Wherever roads curve toward the water here, you are likely to see either the stately Great Blue Heron itself or its iconic image on a painted sign.
Watch its S-curved neck suddenly shoot down beneath the shallow water with lightning speed to spear a small fish, crab or other hapless crustacean meal. Herons are truly iconic wetland symbols because we expect to, and do, see them everywhere land meets fresh or salt water all across America.
Despite long legs, heron feathers do get splashed and dirty. They preen and clean by spreading waterproof powder-down over all their plumage from small wispy feathers produced beneath their body feathers. Other specialized feathers are seasonally produced — long, branched plume feathers for courtship displays, and to intimidate rivals or predators.
Great Blue males bring sticks to wetland trees where their mates build the nests in communal heronries. Both parents incubate the three to six eggs until hatch in three to four weeks. Helpless at birth, chicks grab parent beaks for a regurgitated meal. Young stay in the nest for up to two months. The west’s largest Great Blue heronry is at Anacortes, with about 600 nests. Regrettably, smaller local heronries are in decline. The likely reason: human-caused small heronry habitat loss, and to our credit, bald eagle population recovery after DDT was banned.
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Heron, egret and bittern family
While the Great Blue, at four feet tall, is our largest heron found in Gig Harbor year-round, Washington hosts several of the dozen American family members with about 65 species worldwide. The S-curve in their necks in flight distinguishes them from other long-legged waders like storks and cranes with straight necks.
Other family members in western Washington include common but nearly invisible American Bitterns. Two white Egrets, the Great and Snowy, feed along rivers and the coast. Green Herons inhabit low elevations. In eastern Washington, nesting Black-crowned Night-herons feed nocturnally. Cattle Egrets found their way to North America from Africa on their own, and eat grasshoppers disturbed by grazing cattle and farm equipment.
Christmas bird counts
Last December, Gig Harbor was a key participant in the Tahoma Audubon Chapter‘s annual Christmas Bird Count (CBC), compiling here 74 species with 3,971 individual birds including 10 Great Blue Herons. CBCs are America’s oldest Citizen Science Project dating back to 1900. While many birders participate just for fun, this annual bird census is a serious measure of bird population changes all across America. Learn ways you might participate in their exciting upcoming Spring Birdathon count at www.TahomaAudubon.org.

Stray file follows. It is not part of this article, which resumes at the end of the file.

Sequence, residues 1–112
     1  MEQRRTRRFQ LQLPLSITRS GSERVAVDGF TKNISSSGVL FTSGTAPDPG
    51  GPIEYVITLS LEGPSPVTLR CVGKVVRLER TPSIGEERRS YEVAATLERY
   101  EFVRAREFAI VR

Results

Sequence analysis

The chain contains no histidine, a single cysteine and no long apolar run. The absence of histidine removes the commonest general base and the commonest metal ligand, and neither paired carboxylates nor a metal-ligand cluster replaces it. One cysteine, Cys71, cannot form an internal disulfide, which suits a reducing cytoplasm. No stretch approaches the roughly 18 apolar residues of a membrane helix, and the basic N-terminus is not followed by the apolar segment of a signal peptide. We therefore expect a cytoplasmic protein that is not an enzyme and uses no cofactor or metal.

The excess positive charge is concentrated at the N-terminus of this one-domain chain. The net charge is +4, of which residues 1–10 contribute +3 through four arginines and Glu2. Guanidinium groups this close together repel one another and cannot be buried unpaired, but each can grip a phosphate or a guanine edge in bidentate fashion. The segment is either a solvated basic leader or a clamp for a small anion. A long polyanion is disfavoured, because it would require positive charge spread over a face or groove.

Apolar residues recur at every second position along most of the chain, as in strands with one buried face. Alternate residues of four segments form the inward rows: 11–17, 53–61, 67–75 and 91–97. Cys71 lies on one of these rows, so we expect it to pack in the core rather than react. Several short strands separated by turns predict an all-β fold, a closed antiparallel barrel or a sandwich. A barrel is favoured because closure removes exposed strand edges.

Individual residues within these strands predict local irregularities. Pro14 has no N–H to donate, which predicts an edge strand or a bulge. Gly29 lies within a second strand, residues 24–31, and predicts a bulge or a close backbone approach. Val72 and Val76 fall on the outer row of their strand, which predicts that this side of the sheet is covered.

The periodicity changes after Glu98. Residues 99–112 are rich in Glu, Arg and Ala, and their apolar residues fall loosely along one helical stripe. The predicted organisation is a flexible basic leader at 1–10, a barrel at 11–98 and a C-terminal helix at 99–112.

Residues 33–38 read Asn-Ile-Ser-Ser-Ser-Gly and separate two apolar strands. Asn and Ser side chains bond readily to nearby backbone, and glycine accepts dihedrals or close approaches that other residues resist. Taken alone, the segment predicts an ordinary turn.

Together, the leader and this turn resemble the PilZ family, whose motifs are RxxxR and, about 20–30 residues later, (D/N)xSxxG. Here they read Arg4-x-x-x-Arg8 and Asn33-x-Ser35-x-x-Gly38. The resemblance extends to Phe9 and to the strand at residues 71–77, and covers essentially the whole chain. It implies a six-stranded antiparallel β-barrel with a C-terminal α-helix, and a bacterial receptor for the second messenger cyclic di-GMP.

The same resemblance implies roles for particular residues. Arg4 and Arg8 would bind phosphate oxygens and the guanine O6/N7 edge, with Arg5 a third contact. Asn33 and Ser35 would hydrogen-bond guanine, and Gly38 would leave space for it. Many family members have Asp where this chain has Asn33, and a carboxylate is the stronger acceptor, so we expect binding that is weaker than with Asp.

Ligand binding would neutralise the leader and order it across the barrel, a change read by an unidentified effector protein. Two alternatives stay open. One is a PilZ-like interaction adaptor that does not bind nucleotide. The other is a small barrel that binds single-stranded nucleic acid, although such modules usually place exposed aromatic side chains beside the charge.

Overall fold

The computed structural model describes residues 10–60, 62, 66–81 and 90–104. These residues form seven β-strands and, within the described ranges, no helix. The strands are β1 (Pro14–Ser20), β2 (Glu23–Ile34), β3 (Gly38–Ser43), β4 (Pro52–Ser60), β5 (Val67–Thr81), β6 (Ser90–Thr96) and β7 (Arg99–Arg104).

Another historic heron family conservation connection in the late 19th and early 20th centuries was the killing nearly to extinction of Great and Snowy Egrets, especially in Florida, for their fancy delicately-branched plume feathers to adorn fashionable women’s hats. The founding of the National Audubon Society and the passage of the Federal Migratory Bird Act of 1913 were instrumental in ending this deplorable practice.
Icons also inspire personal stories. One of my favorites: My wife and I often kayaked on small Round Lake near our upstate New York home. After circling the lake awhile, we would follow the outlet toward the Hudson River to admire a heronry.
On our last visit, we were blocked by a low beaver dam. We joked that the herons had hired the beavers to provide walled security. In reality, beaver dams drown marsh-side trees. Some are felled for food, dams and lodges. Those left standing unintentionally create new heron nesting trees. Our heron fascination continues to grows here in Gig Harbor.
Create for yourself, or inspire in youngsters, heron stories, art and poetry: “Herons,” by writer-illustrator Frank Staub, Lerner Publ., Minneapolis, MN, 1997; “An Egret’s Day,” by poet Jane Yolen, photographer Jason Stemple, Wordsong, Honesdale, PA, 2010. Both books for children and adults are available at the Gig Harbor Library.